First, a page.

Once the nest is built, a female vireo lays one egg everyday for 3 to 4 days, but the nest is susceptible to being parasitized by the Brown-headed Cowbird (Molothrus ater). While the adult vireos are away foraging, a female cowbird will fly in and lay one of her own eggs in the vireo nest. Sometimes she will even destroy the eggs or kill any nestlings present. This behavior is the primary reason the Black-capped Vireo is listed as Federally endangered. Although cowbirds are native to the US, their population has exploded in recent years due to land cover changes altered by human activity, including ranching.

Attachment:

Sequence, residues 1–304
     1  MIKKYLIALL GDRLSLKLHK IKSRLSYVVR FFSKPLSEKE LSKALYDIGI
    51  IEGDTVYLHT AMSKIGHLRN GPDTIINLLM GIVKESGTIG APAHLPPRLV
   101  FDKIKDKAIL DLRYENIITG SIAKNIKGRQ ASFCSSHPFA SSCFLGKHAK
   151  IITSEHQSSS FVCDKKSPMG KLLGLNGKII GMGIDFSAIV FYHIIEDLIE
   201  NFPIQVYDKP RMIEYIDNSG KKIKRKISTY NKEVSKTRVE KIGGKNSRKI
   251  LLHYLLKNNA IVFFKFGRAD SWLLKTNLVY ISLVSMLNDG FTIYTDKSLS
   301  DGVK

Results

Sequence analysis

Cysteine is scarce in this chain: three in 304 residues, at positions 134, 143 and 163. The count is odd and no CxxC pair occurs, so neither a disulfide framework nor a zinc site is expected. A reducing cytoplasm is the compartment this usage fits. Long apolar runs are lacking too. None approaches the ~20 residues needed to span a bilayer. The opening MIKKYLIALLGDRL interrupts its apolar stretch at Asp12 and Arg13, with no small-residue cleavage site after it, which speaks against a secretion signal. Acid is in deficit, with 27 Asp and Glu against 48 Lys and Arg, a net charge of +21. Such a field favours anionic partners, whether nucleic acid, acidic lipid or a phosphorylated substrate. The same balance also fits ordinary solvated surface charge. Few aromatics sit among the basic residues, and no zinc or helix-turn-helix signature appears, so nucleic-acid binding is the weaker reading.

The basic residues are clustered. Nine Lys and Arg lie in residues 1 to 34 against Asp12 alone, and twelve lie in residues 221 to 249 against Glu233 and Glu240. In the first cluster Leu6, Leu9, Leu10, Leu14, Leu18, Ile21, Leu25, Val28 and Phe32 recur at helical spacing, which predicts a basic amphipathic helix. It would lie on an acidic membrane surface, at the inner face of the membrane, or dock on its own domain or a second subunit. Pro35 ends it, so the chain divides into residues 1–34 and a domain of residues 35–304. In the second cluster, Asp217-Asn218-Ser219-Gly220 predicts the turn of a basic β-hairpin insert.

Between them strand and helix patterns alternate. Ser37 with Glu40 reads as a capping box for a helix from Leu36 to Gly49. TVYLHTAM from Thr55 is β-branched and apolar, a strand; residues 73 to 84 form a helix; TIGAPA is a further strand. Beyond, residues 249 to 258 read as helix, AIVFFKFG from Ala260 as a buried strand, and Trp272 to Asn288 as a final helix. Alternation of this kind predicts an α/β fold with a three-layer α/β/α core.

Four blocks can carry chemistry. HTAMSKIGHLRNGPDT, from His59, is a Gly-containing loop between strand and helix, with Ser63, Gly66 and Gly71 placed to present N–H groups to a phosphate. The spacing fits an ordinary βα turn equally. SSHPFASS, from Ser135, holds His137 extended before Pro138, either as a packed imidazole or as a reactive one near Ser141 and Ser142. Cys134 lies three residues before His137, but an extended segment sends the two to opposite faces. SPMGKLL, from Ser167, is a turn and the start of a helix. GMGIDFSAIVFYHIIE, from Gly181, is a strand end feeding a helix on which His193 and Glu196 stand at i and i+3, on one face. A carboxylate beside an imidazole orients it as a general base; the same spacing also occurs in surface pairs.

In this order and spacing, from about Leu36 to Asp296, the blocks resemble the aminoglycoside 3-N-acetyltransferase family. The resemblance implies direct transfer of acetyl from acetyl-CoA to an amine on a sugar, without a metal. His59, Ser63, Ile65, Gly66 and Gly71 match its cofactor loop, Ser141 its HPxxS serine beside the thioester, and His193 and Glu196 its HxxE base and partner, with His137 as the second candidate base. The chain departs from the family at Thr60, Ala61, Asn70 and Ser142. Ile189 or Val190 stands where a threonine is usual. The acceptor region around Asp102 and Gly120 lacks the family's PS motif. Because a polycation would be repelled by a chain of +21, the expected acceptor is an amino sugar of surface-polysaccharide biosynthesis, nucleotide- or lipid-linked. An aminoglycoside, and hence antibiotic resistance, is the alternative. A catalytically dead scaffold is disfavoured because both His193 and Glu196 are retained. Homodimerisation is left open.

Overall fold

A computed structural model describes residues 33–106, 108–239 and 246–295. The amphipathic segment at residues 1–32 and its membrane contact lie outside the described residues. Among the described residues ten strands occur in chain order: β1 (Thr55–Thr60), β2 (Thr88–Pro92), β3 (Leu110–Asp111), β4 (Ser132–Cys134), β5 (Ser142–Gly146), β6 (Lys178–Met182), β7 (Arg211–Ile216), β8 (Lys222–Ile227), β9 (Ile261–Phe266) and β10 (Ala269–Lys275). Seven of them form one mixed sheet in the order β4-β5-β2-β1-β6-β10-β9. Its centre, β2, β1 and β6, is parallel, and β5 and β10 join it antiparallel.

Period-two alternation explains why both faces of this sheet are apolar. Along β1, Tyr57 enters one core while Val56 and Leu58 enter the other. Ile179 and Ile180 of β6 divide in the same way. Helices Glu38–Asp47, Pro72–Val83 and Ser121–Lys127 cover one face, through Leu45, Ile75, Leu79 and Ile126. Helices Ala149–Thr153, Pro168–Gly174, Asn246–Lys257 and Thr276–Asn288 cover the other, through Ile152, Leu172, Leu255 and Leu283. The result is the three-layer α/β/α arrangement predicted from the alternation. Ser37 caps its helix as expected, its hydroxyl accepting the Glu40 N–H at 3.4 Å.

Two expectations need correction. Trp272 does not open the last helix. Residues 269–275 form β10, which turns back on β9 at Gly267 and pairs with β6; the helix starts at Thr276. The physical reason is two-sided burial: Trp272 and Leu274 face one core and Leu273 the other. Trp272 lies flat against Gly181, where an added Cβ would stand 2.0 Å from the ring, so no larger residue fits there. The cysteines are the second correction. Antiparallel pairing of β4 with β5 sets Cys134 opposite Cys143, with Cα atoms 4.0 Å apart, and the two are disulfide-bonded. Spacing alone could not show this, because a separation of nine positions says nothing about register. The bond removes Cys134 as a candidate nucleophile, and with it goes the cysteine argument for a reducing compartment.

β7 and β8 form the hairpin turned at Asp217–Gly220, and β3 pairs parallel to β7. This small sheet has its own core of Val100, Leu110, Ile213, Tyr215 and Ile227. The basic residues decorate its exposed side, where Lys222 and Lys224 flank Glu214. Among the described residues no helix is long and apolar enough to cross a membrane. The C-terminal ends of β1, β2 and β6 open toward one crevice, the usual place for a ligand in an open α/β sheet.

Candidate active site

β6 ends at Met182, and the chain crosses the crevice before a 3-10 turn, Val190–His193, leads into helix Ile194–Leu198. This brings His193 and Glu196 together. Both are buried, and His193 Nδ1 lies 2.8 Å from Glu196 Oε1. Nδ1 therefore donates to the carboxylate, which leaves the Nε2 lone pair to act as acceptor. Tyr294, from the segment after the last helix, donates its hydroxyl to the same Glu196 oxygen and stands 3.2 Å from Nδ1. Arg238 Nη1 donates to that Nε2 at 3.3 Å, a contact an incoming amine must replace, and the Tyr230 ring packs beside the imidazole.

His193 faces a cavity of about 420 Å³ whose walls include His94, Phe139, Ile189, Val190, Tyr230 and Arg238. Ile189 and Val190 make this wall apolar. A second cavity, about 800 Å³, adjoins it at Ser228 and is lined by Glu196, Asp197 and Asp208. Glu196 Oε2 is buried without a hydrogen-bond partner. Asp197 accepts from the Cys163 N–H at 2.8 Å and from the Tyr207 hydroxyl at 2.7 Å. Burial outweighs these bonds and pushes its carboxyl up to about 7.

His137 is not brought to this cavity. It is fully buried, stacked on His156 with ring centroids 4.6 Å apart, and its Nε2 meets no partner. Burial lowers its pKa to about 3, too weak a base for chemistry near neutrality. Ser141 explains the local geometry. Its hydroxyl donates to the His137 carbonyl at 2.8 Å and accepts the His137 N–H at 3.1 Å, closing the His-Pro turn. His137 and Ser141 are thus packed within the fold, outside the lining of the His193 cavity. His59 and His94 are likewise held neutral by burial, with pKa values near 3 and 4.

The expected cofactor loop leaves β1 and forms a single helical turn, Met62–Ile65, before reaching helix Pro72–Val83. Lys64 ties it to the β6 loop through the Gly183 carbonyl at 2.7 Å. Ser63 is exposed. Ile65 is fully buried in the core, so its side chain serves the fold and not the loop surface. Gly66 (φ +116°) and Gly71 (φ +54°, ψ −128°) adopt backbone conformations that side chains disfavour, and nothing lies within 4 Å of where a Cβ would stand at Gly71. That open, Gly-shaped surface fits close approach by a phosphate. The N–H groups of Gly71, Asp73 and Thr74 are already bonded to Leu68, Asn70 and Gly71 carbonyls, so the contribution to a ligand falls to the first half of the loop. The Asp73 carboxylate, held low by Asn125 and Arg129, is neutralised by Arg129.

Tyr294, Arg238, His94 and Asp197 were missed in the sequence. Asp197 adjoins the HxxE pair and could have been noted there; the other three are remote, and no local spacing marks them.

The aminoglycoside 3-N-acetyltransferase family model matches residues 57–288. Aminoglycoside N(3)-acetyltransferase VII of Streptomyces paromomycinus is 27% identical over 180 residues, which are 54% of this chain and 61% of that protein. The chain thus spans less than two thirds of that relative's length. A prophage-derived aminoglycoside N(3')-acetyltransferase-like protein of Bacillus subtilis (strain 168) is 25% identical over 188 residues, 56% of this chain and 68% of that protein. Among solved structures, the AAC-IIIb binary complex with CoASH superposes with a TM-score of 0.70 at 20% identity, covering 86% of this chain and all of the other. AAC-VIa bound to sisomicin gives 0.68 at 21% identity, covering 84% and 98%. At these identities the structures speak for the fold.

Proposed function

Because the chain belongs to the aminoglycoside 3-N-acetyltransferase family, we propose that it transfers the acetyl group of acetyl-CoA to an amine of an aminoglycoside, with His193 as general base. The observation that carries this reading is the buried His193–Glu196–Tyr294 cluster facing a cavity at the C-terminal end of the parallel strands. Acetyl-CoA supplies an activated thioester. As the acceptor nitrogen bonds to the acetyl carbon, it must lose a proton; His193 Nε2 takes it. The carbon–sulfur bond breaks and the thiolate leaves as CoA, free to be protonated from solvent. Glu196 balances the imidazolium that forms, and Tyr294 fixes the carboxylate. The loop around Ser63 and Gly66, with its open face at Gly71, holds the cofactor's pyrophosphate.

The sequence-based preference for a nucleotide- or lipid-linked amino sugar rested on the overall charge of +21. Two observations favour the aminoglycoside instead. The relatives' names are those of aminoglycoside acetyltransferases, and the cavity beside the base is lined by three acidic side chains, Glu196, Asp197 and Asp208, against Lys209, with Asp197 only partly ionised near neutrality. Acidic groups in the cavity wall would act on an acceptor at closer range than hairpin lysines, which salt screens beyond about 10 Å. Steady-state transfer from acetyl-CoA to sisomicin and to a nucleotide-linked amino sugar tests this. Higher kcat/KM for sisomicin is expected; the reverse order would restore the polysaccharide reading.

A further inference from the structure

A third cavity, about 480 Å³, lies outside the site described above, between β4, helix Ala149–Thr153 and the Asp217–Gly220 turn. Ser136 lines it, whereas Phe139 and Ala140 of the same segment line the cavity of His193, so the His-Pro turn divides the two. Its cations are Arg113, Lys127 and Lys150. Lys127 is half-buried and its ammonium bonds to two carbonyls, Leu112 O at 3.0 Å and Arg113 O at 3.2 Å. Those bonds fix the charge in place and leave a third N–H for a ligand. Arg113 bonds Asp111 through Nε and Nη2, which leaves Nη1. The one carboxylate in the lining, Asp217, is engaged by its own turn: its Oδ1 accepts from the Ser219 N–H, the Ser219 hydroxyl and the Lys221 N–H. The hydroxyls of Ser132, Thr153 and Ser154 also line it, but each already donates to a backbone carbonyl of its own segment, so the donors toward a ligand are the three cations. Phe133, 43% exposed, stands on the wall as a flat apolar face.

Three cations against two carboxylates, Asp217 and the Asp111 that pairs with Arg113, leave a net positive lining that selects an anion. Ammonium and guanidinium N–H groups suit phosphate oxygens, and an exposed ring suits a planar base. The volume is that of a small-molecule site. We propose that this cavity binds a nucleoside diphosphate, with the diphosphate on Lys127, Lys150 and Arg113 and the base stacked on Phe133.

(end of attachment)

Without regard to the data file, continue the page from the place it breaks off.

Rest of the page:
This is inside the nest of a Black-capped Vireo. Inside are two eggs. The plain egg at the bottom of the photo is a vireo egg, while the dark speckled egg is that of a Brown-headed Cowbird. The vireo pair abandoned this nest, and their next nest was also parasitized by a cowbird. But this pair of vireos persevered, and had a successful nesting attempt on their third try!
Lat: 31.22, Long: -97.74
Spotted on Apr 26, 2012
Submitted on Aug 7, 2012